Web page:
There is an old
and inside joke about Time Inc. and its magazines, including Sports
Illustrated. The joke starts with a question: How many people does it take to
change a lightbulb at Time Inc.?
Punch line: One
hundred; one to replace the actual bulb and ninety-nine to stand around and
talk about how great the old bulb was.
That's the way it
is at all institutions, really, but sports heighten everything, so this was
always considered a pretty good joke around SI. The problem, of course, is that
all such institutional jokes suggest perilous self-congratulation and the kind
of if-it-ain't-broke-don't-fix-it thinking that can leave you with gloomy
in 1960, described as "Events & Discoveries of the Week" and
overflowing with short, inevitably arch tidbits and asides concerning the
culture behind sport with no "s." Over the years it was edited by some
of SI's best talent, picking up harder-edged observation and opinion. But what
it didn't reflect was the voice and perspective of athletes themselves. That
arrived three years ago with a run of aggressively graphic pages following
Scorecard that were pioneered by senior editor Kostya Kennedy. The idea was to
bring readers not just inside the game but inside the heads and lives of those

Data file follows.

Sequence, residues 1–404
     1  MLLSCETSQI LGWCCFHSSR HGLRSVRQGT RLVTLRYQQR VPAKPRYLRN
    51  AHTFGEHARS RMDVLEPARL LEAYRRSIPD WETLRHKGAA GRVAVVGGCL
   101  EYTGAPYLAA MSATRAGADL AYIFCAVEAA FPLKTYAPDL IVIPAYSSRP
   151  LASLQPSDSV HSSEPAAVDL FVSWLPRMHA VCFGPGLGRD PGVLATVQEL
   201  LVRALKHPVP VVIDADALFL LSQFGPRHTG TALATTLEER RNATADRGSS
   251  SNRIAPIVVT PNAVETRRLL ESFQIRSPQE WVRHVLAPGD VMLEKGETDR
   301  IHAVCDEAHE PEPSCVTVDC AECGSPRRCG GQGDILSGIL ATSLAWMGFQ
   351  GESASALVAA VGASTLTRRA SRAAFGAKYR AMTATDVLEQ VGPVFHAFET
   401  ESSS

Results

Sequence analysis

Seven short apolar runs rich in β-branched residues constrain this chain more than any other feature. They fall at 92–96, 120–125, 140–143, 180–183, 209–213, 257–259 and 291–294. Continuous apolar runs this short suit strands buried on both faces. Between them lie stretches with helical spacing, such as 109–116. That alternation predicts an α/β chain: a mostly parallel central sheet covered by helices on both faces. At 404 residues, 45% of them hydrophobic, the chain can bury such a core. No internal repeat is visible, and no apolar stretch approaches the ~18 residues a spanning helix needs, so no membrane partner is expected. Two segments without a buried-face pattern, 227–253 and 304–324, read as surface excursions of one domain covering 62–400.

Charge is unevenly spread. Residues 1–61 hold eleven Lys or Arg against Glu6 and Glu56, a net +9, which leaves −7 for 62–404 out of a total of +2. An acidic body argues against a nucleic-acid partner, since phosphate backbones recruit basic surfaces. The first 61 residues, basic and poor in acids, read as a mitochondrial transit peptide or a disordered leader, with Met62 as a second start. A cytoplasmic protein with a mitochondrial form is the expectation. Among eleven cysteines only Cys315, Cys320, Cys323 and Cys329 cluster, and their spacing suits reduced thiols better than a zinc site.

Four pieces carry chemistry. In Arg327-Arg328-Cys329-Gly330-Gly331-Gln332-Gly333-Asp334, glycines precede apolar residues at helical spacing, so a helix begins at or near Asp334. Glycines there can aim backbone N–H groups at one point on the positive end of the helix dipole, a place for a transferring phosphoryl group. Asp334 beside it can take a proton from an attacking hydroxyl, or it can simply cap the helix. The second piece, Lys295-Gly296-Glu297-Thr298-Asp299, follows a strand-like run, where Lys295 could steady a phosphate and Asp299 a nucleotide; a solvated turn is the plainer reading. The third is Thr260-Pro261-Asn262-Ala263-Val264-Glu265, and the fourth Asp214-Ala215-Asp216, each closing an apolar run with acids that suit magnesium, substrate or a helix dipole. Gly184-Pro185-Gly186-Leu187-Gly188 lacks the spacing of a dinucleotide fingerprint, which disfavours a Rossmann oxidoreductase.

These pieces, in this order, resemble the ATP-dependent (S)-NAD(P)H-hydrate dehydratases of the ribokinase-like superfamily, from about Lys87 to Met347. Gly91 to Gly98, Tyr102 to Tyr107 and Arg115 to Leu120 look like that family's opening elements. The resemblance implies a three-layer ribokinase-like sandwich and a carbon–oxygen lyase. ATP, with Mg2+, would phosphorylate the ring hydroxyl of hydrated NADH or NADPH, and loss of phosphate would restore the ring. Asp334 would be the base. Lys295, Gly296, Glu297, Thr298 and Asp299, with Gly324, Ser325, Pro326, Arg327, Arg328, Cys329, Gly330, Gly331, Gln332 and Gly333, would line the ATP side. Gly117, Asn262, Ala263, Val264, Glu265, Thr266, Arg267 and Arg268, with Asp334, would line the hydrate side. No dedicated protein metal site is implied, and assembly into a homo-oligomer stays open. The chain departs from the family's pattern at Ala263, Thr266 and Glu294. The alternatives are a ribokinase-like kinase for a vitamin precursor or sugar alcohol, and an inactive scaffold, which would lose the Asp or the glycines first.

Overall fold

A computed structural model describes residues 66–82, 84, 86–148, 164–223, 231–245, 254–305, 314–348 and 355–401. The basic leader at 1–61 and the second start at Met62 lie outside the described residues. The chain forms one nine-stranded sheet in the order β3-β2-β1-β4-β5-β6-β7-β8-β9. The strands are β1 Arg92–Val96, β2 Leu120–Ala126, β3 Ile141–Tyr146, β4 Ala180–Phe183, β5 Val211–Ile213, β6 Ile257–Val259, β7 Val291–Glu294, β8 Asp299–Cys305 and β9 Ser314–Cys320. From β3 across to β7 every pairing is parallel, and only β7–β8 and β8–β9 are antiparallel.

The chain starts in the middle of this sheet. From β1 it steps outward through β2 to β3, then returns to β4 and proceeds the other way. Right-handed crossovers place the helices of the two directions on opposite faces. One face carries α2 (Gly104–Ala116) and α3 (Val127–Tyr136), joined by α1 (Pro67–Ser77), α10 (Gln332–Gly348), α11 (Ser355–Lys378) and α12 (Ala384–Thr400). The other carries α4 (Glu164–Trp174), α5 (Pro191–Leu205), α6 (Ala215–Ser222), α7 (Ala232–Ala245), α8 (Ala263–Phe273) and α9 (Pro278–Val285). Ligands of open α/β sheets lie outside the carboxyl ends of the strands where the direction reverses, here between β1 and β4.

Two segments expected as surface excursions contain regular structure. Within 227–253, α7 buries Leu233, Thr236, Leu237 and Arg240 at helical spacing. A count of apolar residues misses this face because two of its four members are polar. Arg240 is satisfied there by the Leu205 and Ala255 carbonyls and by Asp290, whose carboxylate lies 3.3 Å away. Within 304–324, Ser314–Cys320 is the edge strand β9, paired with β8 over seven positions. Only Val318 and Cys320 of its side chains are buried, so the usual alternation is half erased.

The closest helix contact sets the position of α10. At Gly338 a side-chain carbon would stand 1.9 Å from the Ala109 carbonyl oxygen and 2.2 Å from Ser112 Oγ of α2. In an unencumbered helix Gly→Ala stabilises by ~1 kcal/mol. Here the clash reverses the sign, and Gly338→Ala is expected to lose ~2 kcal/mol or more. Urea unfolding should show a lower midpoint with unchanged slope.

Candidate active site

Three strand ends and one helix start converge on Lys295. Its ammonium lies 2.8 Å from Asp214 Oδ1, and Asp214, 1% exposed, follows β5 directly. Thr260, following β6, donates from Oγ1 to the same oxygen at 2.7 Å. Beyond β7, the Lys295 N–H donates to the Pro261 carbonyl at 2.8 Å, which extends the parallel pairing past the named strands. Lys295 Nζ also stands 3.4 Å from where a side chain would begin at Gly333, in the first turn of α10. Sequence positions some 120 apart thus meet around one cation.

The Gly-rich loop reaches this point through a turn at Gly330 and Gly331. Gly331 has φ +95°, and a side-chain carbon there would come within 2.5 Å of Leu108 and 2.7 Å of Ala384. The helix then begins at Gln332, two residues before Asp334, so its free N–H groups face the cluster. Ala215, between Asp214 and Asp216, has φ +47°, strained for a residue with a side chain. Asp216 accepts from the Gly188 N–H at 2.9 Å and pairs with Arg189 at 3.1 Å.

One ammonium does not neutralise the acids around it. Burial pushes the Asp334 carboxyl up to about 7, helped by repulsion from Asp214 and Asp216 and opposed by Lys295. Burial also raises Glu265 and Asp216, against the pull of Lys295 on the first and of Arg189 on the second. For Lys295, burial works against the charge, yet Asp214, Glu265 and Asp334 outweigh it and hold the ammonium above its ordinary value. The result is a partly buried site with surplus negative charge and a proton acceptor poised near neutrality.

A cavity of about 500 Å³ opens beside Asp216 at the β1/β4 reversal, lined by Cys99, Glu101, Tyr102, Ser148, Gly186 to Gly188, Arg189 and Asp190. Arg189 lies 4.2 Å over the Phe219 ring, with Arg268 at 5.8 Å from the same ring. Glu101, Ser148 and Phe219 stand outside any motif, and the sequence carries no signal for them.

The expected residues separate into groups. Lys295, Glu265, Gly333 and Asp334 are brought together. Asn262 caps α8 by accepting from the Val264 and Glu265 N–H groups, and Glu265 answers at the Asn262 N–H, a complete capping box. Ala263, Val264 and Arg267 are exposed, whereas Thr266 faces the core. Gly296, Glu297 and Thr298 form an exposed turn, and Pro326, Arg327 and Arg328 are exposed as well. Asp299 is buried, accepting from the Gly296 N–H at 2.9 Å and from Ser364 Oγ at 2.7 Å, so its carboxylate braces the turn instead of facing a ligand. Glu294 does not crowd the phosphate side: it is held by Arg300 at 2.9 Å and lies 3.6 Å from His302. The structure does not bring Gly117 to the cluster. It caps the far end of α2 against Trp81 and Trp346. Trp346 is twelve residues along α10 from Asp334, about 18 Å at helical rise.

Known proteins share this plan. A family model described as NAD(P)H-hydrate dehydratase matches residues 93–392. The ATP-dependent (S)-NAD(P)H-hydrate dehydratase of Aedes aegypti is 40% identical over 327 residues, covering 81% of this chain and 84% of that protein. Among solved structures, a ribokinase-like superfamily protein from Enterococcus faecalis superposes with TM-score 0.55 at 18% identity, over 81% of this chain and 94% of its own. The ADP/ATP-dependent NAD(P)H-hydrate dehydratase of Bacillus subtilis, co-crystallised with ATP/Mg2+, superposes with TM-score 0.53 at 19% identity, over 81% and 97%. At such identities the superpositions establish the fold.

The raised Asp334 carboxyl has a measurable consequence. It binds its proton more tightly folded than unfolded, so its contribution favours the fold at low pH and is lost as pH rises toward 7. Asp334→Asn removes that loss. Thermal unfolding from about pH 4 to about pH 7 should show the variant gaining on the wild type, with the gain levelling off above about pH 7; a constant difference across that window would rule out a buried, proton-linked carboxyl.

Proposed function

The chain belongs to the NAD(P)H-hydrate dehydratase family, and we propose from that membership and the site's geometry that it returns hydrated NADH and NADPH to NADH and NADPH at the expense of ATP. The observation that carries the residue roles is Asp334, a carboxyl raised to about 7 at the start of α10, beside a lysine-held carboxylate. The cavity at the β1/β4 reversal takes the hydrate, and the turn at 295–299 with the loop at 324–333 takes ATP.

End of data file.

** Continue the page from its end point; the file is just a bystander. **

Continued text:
who played. Hence Players and regular features such as How It Feels ... (to hit
a walk-off home run or make a three-pointer), My Workout, The Players Poll and
Tale of My Tattoo. Kennedy also began writing the incisive Hot-Not column, a
destination point that now scores higher among readers than anything in the
history of the front of the book.
Players was also a hit with athletes as varied as David Ortiz, Danica Patrick
and Chad Johnson, who were all particularly taken with the First Person
interviews and unconventional photo shoots. "Everyone thinks football
players are one-dimensional, but this section lets guys show different sides of
themselves," says Saints Pro Bowl end Will Smith, who was featured cooking
with Emeril Lagasse in the Feb. 5 SI.
Scorecard section, meanwhile, was undergoing a relentless tune-up by senior
editors Mark Bechtel and Stephen Cannella, who made the section both newsier
and funnier and drove it to an alltime high in reader satisfaction. Time to
connect the dots.
this issue, the Players section is expanding to include the most popular
elements of the old Scorecard--For the Record, Sign of the Apocalypse and They
Said It. The rubric Scorecard is now the heading of a reported essay bringing
together various themes and ironies of a given week and setting the tone for
assorted new takes, angles and elements that all begin on page 18.
came after three months of meetings and memos, with numerous writers and
editors contributing ideas and wisecracks. So now another lightbulb at SI has
been changed. Actually more than one. Let us know what you think at